The Witch Nichang- Chapter 2
One day later, she was awake.
That day, it’s after turning her over that I could confirm that this person was a woman. Because in difficult times, she could be mistaken for a skinny guy looking at her back. Luckily she was a woman, otherwise, I wouldn’t be able to move her back before nightfall with my weak strength and skinny limbs.
She suffered no injury on her body, only had a fever. Her forehead was boiling, yet her limbs were ice cold. I placed her on my small bed, wiped her dry, covered her with a thick blanket, and put a cold towel on her forehead. After thinking for a while, I chopped up a piece of ginger and garlic, boiled them into a bowl of thick ginger soup. I fed her the soup while she was still in a trance.
I was glad that no one had seen it when I was doing all these. These were not something a six-year-old girl who lived in a mountain would know.
The adults were taken aback when they came back, but they didn’t doubt much with the excuse I had prepared in advance. The woman that I was supposed to call Mom was reluctant to let her stay. But after seeing the person wearing clothes that a poor commoner couldn’t afford, she kept quiet. Out of a sense of crisis—the lady looked like she was in her late twenties, though her features were not the finest, she was still good-looking and even more appealing when sick—in short, she didn’t allow my hunter dad to get close to that person, only asking me to take care of her.
This was exactly what I was hoping for.
The next morning, the lady was awake. Dad had gone out by now, and the wife was occupying herself in the backyard. When she opened her eyes, I was the only one inside the small house, a little child who should be harmless in other’s eyes.
But the moment she opened her eyes, her gaze was so sharp as if it could kill.
A chill struck my heart, I suppressed my unease while maintaining my composure, giving her a naïve, harmless smile.
It was not that I hadn’t thought about the worst possibility that I might bring in an atrocious person. It was just that I couldn’t let go of any opportunities at any cost. We couldn’t judge people by their appearance, but looking at her, the chances of her being a malicious person were slim—though this was just an intuition.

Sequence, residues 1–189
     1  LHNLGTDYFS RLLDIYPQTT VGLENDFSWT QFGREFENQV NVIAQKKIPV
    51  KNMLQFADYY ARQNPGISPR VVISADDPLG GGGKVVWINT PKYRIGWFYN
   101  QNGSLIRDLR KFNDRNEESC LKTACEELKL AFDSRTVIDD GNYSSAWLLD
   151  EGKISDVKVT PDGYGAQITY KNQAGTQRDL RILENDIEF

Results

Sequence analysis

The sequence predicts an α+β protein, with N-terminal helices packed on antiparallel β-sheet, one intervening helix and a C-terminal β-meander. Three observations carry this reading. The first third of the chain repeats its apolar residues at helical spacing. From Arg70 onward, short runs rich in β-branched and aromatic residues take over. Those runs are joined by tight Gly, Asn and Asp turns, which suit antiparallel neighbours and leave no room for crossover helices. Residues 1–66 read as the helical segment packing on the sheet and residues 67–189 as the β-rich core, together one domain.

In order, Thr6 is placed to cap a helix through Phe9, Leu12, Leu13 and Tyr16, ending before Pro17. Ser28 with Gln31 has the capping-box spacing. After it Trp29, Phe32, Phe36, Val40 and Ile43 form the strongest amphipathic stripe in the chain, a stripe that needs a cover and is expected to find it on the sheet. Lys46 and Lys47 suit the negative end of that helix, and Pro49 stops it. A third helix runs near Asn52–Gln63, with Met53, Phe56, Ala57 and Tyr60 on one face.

But the minute I saw her sharp gaze, I genuinely doubted my intuition.
“Where are my clothes?” She asked after realizing the situation she was in. Her eyes were still sharp, but she couldn’t hide the huskiness in her voice because of the cold.
My eyes were wide open: “Sister’s stuff? It is right next to the pillow. There was no one at home yesterday, and your clothes were all wet when San’er helped you to change. So, I put it next to you after I’d dried and folded them.”
After listening to what I said, she turned back and checked at once. I was frank about this. I didn’t coax her, anyway. I dried all those clothes myself, only dried and folded them without rummaging through them, not even opening her small pouch because the knot on the pouch was rather bizarre. I couldn’t guarantee I could tie it back after I’d opened it.
After seeing all her stuff was still there, she heaved a sigh of relief, then she remembered something and asked sternly: “Where’s my sword?”
I’ve been waiting for this question, so I didn’t panic, only smiling more innocently.
“Shh, sister, keep your voice down.” I lowered my voice and leaned over with the gesture of whispering beside her ear. A hint of alertness flashed in her eyes—probably considered me as a kid, so she didn’t stop or dodge me.
“I’d hidden sister’s sword in the firewood pile behind the house. I can’t take it out now. Otherwise, San’er will be in big trouble.”
I pretended to be mysterious, yet she frowned.
“My dad and mom told San’er before that this world is bad. Bandits and evil people are everywhere. They told me to keep away from whoever has a sword and do not bring them home. San’er hid away sister’s sword first so dad and mom wouldn’t know about it.”
Perhaps because of the naïve and innocuous answer from a child, after hearing this, she seemed a little more relaxed. She looked at me as she raised her brows: “Really? Wouldn’t you be afraid that I might be a bandit or evil person?”
“Sister doesn’t look like one. San’er likes you.” I smiled at her. Turned over, I jumped off the bed and went to the stove to get a bowl of aromatic rice porridge for her. The people living in the mountain were unsophisticated. The family was poor and didn’t seem to be very hospitable, but since this had happened, I tried to prepare better food for her.
I handed her the porridge and looked at her in anticipation. She hesitated for a moment before taking it, but she didn’t drink it, just carried on asking me questions.
“Your name is San’er? Are you the one who saved me yesterday? Can you tell me what happened?”
I nodded and retold the story. It was the truth anyway. All I had to do was to hide my thoughts at that time. Then she asked me a few more questions, and I answered all of them honestly. At this moment, the woman I should call Mom came in. She was a little constrained, maybe because she was facing a noblewoman. She didn’t boss me around like she always did. After chattering for a while, she walked out of the room, leaving me to take care of her.